After 5 years in limbo, the Eastern Downtown protected bike lane (PBL) project is finally moving forward to redesign 9th St. NW in Shaw. On Thursday, July 29, the District Department of Transportation is holding a virtual open house to present the current design, share the next steps in the process, and take input on your priorities for the street as planners refine the design.
This project will redesign 9th St. NW with an east-side, 2-way protected bike lane, safer pedestrian crossings, and traffic calming between Pennsylvania Ave and Florida Ave. NW. It will fill a large hole in DC’s low-stress bicycle network and significantly reduce speeding, dangerous driving, and prevent traffic crashes in the corridor.
9th Street NW Protected Bike Lane Virtual Open House
4 – 7pm
Identical presentations and Q&A every hour.
Meeting URL: rebrand.ly/9thStNW-ProtectedBikeLane
Or Call in #: 202-860-2110, Access Code: 172 214 7464
Drop in at 4pm, 5pm or 6pm for a short presentation and an opportunity to ask questions and show your support for making 9th St. a safe, walkable, bikeable, and accessible street for everyone who uses it.
We are thrilled that the Mayor and DDOT are moving this project ahead, yet we know that it still needs help, positive pressure and public enthusiasm to get built. If you are passionate about this project and want to roll up your sleeves to help organize that support over the next few months, sign up below.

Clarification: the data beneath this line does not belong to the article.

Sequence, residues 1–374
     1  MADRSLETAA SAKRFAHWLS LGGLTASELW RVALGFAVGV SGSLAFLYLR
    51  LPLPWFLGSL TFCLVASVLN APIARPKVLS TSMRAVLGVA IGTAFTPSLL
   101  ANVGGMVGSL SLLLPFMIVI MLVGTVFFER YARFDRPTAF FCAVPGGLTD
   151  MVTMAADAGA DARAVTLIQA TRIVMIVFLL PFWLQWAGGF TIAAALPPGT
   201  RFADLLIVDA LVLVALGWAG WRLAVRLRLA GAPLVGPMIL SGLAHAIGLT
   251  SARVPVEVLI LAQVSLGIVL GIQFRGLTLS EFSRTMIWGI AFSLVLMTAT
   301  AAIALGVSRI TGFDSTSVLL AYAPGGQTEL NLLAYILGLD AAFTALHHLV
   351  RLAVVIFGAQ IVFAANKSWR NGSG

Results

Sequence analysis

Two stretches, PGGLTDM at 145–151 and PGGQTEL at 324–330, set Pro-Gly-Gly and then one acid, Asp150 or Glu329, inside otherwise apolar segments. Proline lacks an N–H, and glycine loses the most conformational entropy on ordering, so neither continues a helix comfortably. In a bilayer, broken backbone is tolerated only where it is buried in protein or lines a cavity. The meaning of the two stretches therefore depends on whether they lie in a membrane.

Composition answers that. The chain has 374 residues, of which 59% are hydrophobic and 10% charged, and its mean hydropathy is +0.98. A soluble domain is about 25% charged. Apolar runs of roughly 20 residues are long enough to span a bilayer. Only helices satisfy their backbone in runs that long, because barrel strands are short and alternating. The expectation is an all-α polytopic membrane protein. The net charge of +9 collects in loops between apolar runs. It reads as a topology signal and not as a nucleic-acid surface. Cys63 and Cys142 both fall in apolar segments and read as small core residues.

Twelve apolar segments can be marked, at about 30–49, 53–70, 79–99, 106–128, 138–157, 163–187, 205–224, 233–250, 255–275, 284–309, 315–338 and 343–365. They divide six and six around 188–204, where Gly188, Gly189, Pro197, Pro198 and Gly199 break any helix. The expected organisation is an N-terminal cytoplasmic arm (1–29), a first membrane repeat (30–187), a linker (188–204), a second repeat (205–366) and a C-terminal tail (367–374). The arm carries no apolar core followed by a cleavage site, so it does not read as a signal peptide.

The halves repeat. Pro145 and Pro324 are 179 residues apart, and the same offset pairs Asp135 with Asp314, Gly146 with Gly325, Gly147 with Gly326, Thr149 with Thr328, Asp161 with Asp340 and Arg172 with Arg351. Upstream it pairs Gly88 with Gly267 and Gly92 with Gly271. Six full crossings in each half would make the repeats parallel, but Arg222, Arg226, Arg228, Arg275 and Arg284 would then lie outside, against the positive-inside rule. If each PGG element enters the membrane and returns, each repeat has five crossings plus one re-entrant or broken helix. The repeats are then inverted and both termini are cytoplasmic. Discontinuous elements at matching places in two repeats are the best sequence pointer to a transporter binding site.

In 2015, DDOT began the Eastern Downtown Protected Bike Lane study to identify a viable street for a north-south protected bike lane between 15th St. NW and the Metropolitan Branch Trail. After many heated public meetings, stakeholder consultation, and extensive analysis, the study concluded in 2017 that 6th and 9th streets NW were the best candidates and work began on preliminary design for both corridors.
In 2018, the project team completed 30% design for both streets and, after additional traffic studies and stakeholder input, selected 9th St. However, without any announcement or reasons offered, the project was put on hold, preventing any further design work or outreach. In May, Mayor Bowser announced that the project is again moving forward, restarting design and outreach for the project. Construction is expected in 2022.
Click here to read more about this project’s history on the WABA blog.
See the project documents here.